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I-5 Bridge replacement officials learn from past, hope policy changes smooth path to new span

River navigation gets higher priority after Columbia River Crossing missteps

By , Columbian staff writer
Published:
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Arguably the biggest change from the days of the Columbia River Crossing project a decade ago, the Coast Guard now requires a preliminary navigation determination to be created much earlier in the review process.
Arguably the biggest change from the days of the Columbia River Crossing project a decade ago, the Coast Guard now requires a preliminary navigation determination to be created much earlier in the review process. (Taylor Balkom/The Columbian) Photo Gallery

One of the biggest hurdles the Interstate Bridge Replacement Program faces has moved much closer to the starting line, thanks to policy changes made following the failed Columbia River Crossing megaproject.

The U.S. Coast Guard has authority over the Columbia River and other navigable waterways, with free-flowing river traffic given top priority, and a late-developing conflict over bridge heights was one of the final complications that helped scuttle the project nearly a decade ago.

Officials have learned from the experience.

“The (old) process asked critical navigation questions too late in the process,” said Steven Fischer, Coast Guard District 13 bridge administrator. “The new process gets all those navigation questions answered up front before they even submit an application.”

That new process was implemented in 2014, the year after the Columbia River Crossing fell apart. It came in the form of a memorandum of agreement between the Coast Guard and the Federal Highway Administration to coordinate and improve bridge planning and permitting.

Key to that process was a set of guidelines that require project managers to receive a “preliminary navigation determination” from the Coast Guard before they can begin formally producing what is likely to be a massive environmental impact report on the project.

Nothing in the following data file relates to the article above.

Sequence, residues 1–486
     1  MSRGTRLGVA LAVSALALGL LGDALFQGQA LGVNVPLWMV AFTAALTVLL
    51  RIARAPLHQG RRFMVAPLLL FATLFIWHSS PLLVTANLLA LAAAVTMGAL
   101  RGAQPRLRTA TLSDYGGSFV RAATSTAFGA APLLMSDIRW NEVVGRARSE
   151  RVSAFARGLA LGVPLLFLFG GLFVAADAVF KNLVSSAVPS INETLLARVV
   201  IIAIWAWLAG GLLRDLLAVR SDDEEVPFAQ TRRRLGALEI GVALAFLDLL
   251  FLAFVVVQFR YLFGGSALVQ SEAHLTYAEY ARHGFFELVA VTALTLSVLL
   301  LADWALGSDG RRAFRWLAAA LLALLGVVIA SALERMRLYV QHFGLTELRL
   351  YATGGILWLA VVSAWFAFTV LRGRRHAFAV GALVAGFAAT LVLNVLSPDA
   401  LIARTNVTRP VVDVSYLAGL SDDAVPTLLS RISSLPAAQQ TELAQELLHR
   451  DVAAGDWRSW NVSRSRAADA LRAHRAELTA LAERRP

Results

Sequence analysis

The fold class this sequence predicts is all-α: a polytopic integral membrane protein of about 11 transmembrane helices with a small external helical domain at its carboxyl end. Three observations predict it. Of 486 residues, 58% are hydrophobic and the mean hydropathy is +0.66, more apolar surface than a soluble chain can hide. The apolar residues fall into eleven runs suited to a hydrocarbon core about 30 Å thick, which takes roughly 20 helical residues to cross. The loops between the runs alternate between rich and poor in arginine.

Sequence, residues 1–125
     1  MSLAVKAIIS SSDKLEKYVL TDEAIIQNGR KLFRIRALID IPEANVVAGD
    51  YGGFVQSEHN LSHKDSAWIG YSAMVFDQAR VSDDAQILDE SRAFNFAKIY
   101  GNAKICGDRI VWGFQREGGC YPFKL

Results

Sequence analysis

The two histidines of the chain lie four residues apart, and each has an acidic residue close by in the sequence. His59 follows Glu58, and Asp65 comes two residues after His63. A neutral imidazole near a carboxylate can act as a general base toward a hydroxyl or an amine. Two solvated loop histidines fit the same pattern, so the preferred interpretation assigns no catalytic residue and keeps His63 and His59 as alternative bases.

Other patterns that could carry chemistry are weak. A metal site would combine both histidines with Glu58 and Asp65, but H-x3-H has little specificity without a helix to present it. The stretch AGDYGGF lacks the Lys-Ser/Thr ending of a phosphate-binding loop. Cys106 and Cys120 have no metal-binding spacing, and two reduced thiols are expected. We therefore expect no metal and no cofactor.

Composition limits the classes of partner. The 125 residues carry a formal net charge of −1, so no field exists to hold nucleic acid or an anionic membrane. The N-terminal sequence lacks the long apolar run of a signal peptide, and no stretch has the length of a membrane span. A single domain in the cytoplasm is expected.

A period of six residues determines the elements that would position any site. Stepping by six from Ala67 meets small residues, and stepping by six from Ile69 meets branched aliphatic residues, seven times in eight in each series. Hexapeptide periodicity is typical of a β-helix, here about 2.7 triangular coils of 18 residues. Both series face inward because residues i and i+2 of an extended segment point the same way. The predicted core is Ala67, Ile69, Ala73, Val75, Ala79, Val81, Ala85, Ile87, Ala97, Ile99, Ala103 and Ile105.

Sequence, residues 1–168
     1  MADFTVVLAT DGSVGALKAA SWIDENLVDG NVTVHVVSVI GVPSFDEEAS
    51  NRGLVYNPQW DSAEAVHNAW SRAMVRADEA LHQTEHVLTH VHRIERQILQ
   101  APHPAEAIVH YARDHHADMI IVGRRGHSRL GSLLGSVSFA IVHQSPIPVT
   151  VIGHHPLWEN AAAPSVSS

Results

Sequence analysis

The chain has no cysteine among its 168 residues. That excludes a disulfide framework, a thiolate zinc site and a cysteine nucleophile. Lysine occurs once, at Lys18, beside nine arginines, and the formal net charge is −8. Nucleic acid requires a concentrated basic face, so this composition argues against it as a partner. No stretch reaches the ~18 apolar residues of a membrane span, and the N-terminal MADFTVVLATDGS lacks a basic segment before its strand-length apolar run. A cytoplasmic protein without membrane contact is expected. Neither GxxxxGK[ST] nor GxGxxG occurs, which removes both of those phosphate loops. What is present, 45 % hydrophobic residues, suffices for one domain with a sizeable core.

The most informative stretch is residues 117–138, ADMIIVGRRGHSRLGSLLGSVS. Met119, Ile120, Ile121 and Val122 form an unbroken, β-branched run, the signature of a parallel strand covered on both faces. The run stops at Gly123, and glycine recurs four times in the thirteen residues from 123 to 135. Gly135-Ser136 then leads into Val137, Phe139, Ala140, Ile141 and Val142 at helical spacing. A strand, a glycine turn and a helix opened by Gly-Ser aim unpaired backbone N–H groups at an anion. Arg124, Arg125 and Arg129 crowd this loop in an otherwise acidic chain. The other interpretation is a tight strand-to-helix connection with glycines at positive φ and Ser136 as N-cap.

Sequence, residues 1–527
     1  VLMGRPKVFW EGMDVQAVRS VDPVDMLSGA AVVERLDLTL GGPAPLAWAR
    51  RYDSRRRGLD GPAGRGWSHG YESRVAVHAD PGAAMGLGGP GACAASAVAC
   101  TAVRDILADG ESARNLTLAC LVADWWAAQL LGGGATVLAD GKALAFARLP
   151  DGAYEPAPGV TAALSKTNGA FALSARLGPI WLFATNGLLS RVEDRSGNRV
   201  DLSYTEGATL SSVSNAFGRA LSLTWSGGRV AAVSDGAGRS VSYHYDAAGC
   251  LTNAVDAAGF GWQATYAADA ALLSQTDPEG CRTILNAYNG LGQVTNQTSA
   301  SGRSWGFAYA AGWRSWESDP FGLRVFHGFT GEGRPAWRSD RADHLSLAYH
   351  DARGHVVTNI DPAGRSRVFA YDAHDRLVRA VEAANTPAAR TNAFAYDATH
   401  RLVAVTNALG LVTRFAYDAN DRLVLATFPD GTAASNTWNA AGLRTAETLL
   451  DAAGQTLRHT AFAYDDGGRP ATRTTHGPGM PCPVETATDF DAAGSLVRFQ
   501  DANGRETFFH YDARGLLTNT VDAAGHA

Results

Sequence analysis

During or immediately after the process of creating the report, the Coast Guard District Bridge Office will issue a public notice in which public comments will be fielded and answered. Once the Coast Guard receives all required documents and certifications, it can then make a final permit decision.

What that permit will require is already a subject of heated speculation.

Clearance conflicts

The Interstate Bridge Replacement program proposed a replacement bridge with 116 feet of vertical clearance — the same amount the Coast Guard ultimately permitted to the Columbia River Crossing in 2013. But in a preliminary determination in June, the Coast Guard said a replacement bridge should have at least 178 feet of vertical clearance, the same as the current bridge.

This poses a number of problems for the program. A fixed-span bridge with 178 feet of clearance would have a steep roadway grade, be forced to pass over Hayden Island and reach into restricted airspace of nearby airports. Other alternatives, such as a movable-span bridge or a tunnel, don’t meet the program’s purpose and need.

Greg Johnson, the Interstate Bridge Replacement Program’s administrator, said in a bistate legislative committee meeting in July that nothing has changed from a river navigation perspective since the Coast Guard permitted the Columbia River Crossing. The program is working with the Coast Guard and the river users affected by a lower clearance to reach an agreement so a fixed-span bridge can be built at a lower level.

CRC process ‘flawed’

Fischer, the Coast Guard District 13 bridge administrator, said the bridge permitting process used for the earlier project was flawed.

After years of planning to build a replacement bridge assuming only 95 feet of clearance, the Columbia River Crossing only sought approval from the Coast Guard in 2013, after the project had effectively died due to a lack of funding from the Legislature.

Only after reaching agreements to pay companies affected by the lower clearance a combined $86.4 million to mitigate the loss of business and help finance potential relocation, did the Coast Guard permit a bridge with 116 feet of clearance.

Reaching that agreement with the upstream companies affected by the lower clearance bridge allowed the project to show that there was no current need for navigation above 116 feet.

The permit for the controversial but doomed project ultimately was signed by Vice Admiral John Currier, the second-ranking person in the Coast Guard.

“It was unprecedented that it got signed by him,” Fischer said. Bridge permits are normally signed at the Coast Guard headquarters bridge program level, multiple levels below Currier.

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This story was made possible by Community Funded Journalism, a project from The Columbian and the Local Media Foundation. Top donors include the Ed and Dollie Lynch Fund, Patricia, David and Jacob Nierenberg, Connie and Lee Kearney, Steve and Jan Oliva and the Mason E. Nolan Charitable Fund. The Columbian controls all content. For more information, visit columbian.com/cfj.

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